LTRs were routinely tested for de novo DSA at 2 weeks and 1,2,3,6,9,12,18, and 24 months after transplantation, and in cases of lung function deterioration, using a bead array technique as recently described.
Reactions with an MFI >1,000 were considered positive.
NK cell assays
Details of the antibody-dependent ABMR assays, NK cell proliferation assays and antibody-dependent ADCC assays are presented in detail in the supplementary material & methods section. For the ABMR assays, NK cells were cocultured together with the patient's plasma and human umbilical vein endothelial cells (HUVEC), followed by flow-cytometry analysis. For the NK cell proliferation assays, CFSE-stained NK cells were co-cultured together with UL40 peptide pulsed antigen-presenting RMA-S/HLA-E/LFA-3 cells, followed by analysis of proliferating and non-proliferating NK cell subsets. For the ADCC assays, NK cells were stimulated with UL40 peptides pulsed RMA-S/HLA-E/LFA-3 cells and proliferating and non-proliferating NK cells were subsequently cocultured either with Rituximab-coated Raji cells or with patient's plasma and HUVEC cells. NK cell activation was subsequently analyzed by flow-cytometry or LDH release assays.
The frequencies of the UL40 variants between the study cohorts were compared using the χ2-test. Repeated measures 1-way analysis of variance (RM ANOVA, with the Geisser-Greenhouse correction) and Tukey-post test (RM ANOVA: p < 0.05) were used to compare the means of proliferating and activated NK cell subsets between the cohorts. The time between the HCMV-episode and ABMR was compared between the UL40 variants using the Mantel-Cox test. The study was approved by the institutional review board of the Medical University of Vienna (EK-No.1687/2018).
Characteristics of the study cohort
The study cohort consisted of 30 patients who developed de novo DSA and clinical ABMR (DSA+ABMR+) within 2 years-post transplantation. In all DSA+ABMR+ LTRs, 1 episode of high-level HCMV-replication (>1000 copies/mL) occurred either in blood (N = 20) or in the bronchoalveolar lavage (BAL,N = 10), in median 130 (88-231) days prior to ABMR diagnosis. The median duration of these viral episodes was 14 (10-31) days.
As matched controls 30 LTRs who developed de novo DSA but had no clinical, but sub-clinical ABMR (DSA+ABMR−), and 90 patients who had neither DSA nor ABMR (DSA−ABMR−) within 2 years posttransplantation were selected. In contrast to DSA+ABMR+ LTRs, DSA+ABMR− and DSA−ABMR− had no allograft dysfunction, as defined by a FEV1% ≤80% at baseline for ≥3 weeks, at the diagnosis of ABMR.
From each patient and control, samples were available at 2 time points in the follow-up: The first plasma or BAL sample was available during the peak of the high-level HCMV-replication. The second sample was plasma, which was available after the diagnosis of ABMR in DSA+ABMR+ LTRs, before the patients underwent plasmapheresis or extracorporeal immunoadsorption for the elimination for DSA, or at a matched time point for DSA+ABMR− or DSA−ABMR− LTRs, respectively.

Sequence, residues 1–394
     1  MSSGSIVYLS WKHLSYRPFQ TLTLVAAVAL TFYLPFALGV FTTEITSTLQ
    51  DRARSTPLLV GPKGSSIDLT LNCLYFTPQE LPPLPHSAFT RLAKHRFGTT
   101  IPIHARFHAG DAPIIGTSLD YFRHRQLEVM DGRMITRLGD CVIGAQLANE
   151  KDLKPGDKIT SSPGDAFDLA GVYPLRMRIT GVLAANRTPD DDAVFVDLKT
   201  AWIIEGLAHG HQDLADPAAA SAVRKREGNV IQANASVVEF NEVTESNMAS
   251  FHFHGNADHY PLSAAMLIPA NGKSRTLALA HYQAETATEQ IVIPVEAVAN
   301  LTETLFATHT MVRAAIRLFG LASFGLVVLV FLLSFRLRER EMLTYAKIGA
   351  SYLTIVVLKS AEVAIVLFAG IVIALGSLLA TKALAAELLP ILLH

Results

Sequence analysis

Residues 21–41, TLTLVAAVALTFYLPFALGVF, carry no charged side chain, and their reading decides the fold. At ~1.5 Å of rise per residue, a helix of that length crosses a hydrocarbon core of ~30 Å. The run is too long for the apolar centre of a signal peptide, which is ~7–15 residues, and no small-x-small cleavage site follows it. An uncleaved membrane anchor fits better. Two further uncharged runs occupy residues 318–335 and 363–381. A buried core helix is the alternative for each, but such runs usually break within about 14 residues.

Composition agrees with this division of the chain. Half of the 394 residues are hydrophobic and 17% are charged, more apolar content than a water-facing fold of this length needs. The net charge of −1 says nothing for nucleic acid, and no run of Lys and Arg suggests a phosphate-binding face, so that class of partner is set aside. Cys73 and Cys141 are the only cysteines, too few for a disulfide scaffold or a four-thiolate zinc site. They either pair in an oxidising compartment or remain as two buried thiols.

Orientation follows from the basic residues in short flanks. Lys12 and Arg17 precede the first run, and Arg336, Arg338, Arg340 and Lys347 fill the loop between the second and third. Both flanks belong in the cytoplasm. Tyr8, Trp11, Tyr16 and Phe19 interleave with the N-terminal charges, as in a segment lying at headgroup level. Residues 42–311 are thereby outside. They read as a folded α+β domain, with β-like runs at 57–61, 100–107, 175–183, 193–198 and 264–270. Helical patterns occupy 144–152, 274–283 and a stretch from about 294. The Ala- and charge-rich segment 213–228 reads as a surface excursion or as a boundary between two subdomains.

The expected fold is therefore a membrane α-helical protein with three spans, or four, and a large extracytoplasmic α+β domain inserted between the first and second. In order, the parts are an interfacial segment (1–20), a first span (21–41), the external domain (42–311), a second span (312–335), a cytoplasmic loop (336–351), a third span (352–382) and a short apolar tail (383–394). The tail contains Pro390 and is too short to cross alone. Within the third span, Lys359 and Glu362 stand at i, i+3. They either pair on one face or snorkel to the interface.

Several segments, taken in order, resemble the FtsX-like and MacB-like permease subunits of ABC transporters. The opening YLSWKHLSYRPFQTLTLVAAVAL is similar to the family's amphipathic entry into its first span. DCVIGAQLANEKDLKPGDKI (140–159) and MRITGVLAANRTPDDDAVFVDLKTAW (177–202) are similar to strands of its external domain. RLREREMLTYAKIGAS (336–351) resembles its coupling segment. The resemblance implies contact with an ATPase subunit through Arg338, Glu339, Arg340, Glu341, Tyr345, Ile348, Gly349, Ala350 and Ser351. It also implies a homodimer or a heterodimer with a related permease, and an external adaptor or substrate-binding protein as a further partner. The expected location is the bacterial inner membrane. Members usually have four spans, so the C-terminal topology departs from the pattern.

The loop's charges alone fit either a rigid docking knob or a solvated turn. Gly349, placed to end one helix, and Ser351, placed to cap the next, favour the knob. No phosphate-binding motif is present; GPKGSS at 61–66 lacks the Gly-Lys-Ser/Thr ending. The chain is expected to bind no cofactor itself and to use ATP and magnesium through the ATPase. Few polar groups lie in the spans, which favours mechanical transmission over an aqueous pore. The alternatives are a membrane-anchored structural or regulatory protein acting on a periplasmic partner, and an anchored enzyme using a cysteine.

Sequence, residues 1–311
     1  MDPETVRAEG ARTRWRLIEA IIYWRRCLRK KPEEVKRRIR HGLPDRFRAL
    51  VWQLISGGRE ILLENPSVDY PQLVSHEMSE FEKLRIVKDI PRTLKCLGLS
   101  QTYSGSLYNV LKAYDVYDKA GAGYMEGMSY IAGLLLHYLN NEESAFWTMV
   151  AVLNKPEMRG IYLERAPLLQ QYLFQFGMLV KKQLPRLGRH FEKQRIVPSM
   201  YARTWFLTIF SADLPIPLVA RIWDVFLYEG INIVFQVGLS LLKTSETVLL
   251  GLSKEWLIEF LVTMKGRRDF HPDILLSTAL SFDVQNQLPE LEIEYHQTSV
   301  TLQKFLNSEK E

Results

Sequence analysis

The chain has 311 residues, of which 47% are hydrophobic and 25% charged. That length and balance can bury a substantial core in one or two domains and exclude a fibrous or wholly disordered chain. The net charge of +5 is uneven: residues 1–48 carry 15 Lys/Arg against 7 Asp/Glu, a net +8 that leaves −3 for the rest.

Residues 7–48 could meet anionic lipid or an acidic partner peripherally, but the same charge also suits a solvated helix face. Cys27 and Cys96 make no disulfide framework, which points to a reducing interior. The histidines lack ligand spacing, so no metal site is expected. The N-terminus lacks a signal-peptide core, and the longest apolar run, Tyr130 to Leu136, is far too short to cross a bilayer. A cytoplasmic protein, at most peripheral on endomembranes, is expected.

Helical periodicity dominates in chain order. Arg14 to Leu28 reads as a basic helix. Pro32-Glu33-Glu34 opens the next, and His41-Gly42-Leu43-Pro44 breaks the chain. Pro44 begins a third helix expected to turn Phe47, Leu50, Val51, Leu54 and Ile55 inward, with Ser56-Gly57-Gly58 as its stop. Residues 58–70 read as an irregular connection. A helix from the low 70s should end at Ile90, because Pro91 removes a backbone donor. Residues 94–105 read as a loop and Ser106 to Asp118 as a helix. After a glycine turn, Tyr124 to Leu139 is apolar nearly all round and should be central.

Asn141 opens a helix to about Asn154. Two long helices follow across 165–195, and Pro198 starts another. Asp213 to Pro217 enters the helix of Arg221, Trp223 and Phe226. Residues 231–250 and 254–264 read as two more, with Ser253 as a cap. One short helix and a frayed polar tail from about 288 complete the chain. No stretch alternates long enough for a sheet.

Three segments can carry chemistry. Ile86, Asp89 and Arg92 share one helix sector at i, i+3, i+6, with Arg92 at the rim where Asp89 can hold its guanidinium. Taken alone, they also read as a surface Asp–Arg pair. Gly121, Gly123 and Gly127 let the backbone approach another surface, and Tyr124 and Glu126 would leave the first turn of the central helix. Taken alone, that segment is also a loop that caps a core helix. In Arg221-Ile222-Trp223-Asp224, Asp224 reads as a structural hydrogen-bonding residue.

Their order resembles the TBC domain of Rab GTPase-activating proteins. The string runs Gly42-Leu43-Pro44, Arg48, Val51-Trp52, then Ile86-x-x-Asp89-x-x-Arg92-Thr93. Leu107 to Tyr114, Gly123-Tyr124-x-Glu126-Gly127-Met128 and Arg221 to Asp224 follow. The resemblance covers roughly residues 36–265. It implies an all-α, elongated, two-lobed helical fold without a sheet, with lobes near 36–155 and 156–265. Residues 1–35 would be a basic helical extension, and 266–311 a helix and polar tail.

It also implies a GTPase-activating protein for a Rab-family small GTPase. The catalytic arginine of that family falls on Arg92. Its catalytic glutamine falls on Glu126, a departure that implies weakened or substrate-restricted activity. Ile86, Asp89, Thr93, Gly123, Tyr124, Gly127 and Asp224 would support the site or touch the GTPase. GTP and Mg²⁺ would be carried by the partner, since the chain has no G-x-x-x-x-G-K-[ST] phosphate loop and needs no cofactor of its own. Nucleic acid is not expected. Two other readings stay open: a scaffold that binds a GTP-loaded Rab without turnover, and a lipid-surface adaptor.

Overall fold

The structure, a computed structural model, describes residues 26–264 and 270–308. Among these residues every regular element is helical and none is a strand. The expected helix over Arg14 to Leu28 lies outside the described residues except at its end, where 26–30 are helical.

NKG2C± NK cells are highly activated by DSA and HUVEC cells
First, we aimed to analyze the contribution of CD16+CD94+NKG2C+, CD16+CD94+NKG2A+ and CD16+CD94− NK cells in the development of ABMR. Therefore, we first isolated CD56+CD16+ NK cells from 24 healthy, HCMV-seropositive blood donors and compared the CD16a expression levels between the NK cell subsets. As shown in Figure 1A, CD16+CD94+NKG2C+ showed significant higher CD16a expression levels, compared to CD16+CD94+NKG2A+ and CD16+CD94− NK cells. No different CD16a expression levels were however found between CD16+CD94+NKG2A+ and CD16+CD94− NK cells.
We then tested the isolated CD16+ NK cells in a flow-cytometry based in vitro antibody-dependent ABMR assay, using HUVECs and plasma samples from DSA+ABMR+ patients after the first ABMR diagnosis or from DSA−ABMR−, DSA+ABMR− at a comparable time point (Figure. S1). As shown in Figure 1B-G, stimulation with plasma samples from DSA+ABMR− and DSA+ABMR+ LTRs lead to a significant activation of CD16+CD94+NKG2C+, CD16+CD94+NKG2A+ and CD16+CD94− NK cells, compared to DSA−ABMR− LTRs. This was reflected by significantly higher percentages and expression levels of the cytotoxicity marker CD107a (Figure. 1B-C) as well as the pro-inflammatory cytokines IFNγ (Figure. 1D-E) and TNFα (Figure. 1F-G).
We then also compared the antibody-dependent activation levels between CD16+CD94+NKG2C+, CD16+CD94+NKG2A+ and CD16+CD94− NK cells. When stimulated with plasma from DSA+ABMR− or DSA+ABMR+ LTRs, CD16+CD94+NKG2C+ NK cells showed generally a significantly higher activation level for all tested markers compared to CD16+CD94+NKG2A+ and CD16+CD94− NK cells (all: p < 0.001,ANOVA and Dunn's Test). In contrast, we observed no significant difference between CD16+CD94+NKG2A+ and CD16+CD94− NK cells (all:ns, ANOVA and Dunn's Test). In summary, this shows that especially CD16+CD94+NKG2C+ cells are highly activated in DSA+ LTRs and thus may be the main CD16+ NK cell subset, which contributes to tissue injury in DSA+ LTRs during ABMR.
HCMV-UL40 variants are associated with the development of ABMR